Partly because I’m a certified nerd for stock market history, I always enjoy Ken Fisher’s Forbes columns, punctuated with insights drawn from lesser-known bits of market history melded with contemporary common sense. So I wasted little time grabbing a copy of The Making of a Market Guru: Forbes Presents 25 Years of Ken Fisher (John Wiley & Sons: 2010), edited by Aaron Anderson.
Fisher debuted as a Forbes columnist July 16, 1984 and, following a short introduction, that’s where the book begins as well. It then proceeds chronologically, faithfully reprinting every Fisher column through the end of 2009, one chapter for each year. Editor Anderson introduces each of the 25 chapters with a couple of useful pages summarizing key economic, financial and political events shaping the market that year, as well as a generally sympathetic recap of Fisher’s perspectives on them.
One note on readability: the book’s chronological approach, while central to its concept, sometimes induced slow reading, perhaps because sequential columns can leap from subject to subject, some of them more interesting than others. Every so often, I broke the chronology by using the index to find all columns on bull markets, bear markets or other topics. Heresy, I’m sure, though still a nice change of pace.
But that’s a narrow critique, so let’s take a grander tour of some of the history and insights, and the good calls and bad ones, on display in this remarkable collection.
- October 1987 – Fisher is cautious but hardly clairvoyant in the months leading up to the Black Monday crash. A November column details the chaos on Fisher’s trading floor as his firm’s stocks disintegrated during the market meltdown the month before.
- October 1989 – Fisher sees a slow, shallow bear in the making but stays invested in defensive stocks “since I believe in stocks more than I believe in anybody’s forecasts, mine included.” He is later surprised by the damage the next summer’s downturn inflicts on some stocks. Fisher turns positive in December 1990, just two months after the market bottoms.
- January 1995 – Fisher begins a multi-year series of columns putting the microscope on bull and bear market indicators, arguments, histories and strategies. On the lookout for the next big downturn, he ultimately advises readers not to trade “squiggles” and stays smartly bullish. Through the 1997 and 1998 market corrections, he stands firm. In his October 1998 column titled “Don’t Let Them Scare You Out of Stocks,” Fisher gives half a dozen reasons to stay bullish. A great run by any standard.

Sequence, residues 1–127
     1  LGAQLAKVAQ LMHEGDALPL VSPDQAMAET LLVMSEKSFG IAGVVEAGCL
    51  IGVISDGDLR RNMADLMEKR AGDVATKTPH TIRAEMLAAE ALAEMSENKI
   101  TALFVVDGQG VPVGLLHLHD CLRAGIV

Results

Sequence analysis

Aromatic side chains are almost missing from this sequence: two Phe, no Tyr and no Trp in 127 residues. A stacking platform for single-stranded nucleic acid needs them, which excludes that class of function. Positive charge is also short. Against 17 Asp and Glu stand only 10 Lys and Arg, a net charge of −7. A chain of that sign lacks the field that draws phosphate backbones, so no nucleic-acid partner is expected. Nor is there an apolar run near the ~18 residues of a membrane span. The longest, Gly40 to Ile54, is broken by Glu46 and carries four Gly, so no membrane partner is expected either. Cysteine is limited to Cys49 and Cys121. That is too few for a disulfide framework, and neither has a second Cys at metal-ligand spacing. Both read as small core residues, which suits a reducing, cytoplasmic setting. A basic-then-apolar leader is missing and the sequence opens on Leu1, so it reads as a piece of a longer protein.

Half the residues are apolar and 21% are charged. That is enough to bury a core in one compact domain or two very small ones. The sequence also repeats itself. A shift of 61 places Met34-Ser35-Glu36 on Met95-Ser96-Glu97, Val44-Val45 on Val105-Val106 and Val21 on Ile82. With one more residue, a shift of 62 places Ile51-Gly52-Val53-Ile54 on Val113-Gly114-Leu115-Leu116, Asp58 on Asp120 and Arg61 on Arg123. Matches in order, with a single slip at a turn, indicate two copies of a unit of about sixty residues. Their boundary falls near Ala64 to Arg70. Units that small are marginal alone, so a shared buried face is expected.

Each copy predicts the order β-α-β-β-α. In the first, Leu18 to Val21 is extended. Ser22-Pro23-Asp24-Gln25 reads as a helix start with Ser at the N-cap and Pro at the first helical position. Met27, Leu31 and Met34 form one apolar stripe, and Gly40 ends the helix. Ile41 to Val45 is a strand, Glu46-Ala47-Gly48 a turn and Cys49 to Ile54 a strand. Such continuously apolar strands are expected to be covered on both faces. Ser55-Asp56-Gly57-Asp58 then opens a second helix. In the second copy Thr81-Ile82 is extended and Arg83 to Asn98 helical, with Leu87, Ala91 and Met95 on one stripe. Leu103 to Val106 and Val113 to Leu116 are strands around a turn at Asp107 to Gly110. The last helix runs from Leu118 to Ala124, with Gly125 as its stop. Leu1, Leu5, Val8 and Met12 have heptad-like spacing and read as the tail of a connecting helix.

- March 2001 – With the tech crash underway, Fisher turns outright bearish. In a June column he correctly labels the April upturn a bear market rally. By December he’s bullish, but changes his mind in February 2002. Fisher calls the market upturn for good in a July column, a few months before the final bottom. He sticks to his guns that autumn, when the market revisits its lows, giving readers one history lesson after another on why to buy.
- September 2008 – Fisher ‘fesses up: he missed spotting a giant bear. “I let you down. I hate that,” he tells readers.
- January 2009 – He starts a series of columns anticipating a strong (“Blink and You’ll Miss It”) upturn in stocks. By August, he headlines his column “The Bear Market is Over.”
Though known for his big macro calls, Fisher also develops thinking-tools and counter intuitive perspectives investors might find stimulating.
For example, a November 2003 column, “Don’t Sweat Small Moves,” proposes that in any given year, the stock market can only do one of four things: go up a lot, up a little, down a lot, or down a little. Fisher’s conclusion? The only time to lighten up on stocks is when you have strong reason to think they will go down a lot. The “down a little” scenario brings too much opportunity cost if you’re wrong, and too much transaction and tax cost even when you’re right.
Earlier, in two columns from mid-2002, Fisher attacks “The P/E Myth” that market multiples can reliably predict returns. He presents research and reasoning showing that multiples are high at market bottoms because recent earnings have disappeared, not because prices are too high for future business prospects.
And in his October 2005 column, “Three Questions That Count,” (an appetizer for his similarly titled 2006 best-seller), Fisher urges investors to improve their decision-making by asking themselves what they believe that’s actually wrong, whether they can fathom the unfathomable, and what “blind spot” they might have. All of these designed, Fisher says, to overcome our psychological biases and hardwired thinking.
The book also tallies a splendid record of individual stock picks from Fisher since 1996, when Forbes editors began requiring an audited yearly “report card” from their columnists. Fisher’s published picks averaged nearly 10% annually over this 14-year period, after deducting an assumed 1% transaction cost. Forbes calculates the recommended stocks generated more than double the return an investor would get from buying the S&P 500 the same day the Fisher picks were published. (Specific stock recommendations do not appear in the book, however, because their publication dates are long past, and the book already weighs in at a hefty 500 pages.)
Overall, Ken Fisher’s body of work during his tenure as a Forbes columnist, 25 years and counting, marks an extraordinary achievement for a financial writer. The Making of a Market Guru appropriately celebrates that achievement. The book will likely appeal to Ken Fisher fans, students of contemporary stock market history, and experienced investing detectives who might enjoy watching a solitary writer sift through a quarter century of market clues, one column at a time.
Disclosure: No positions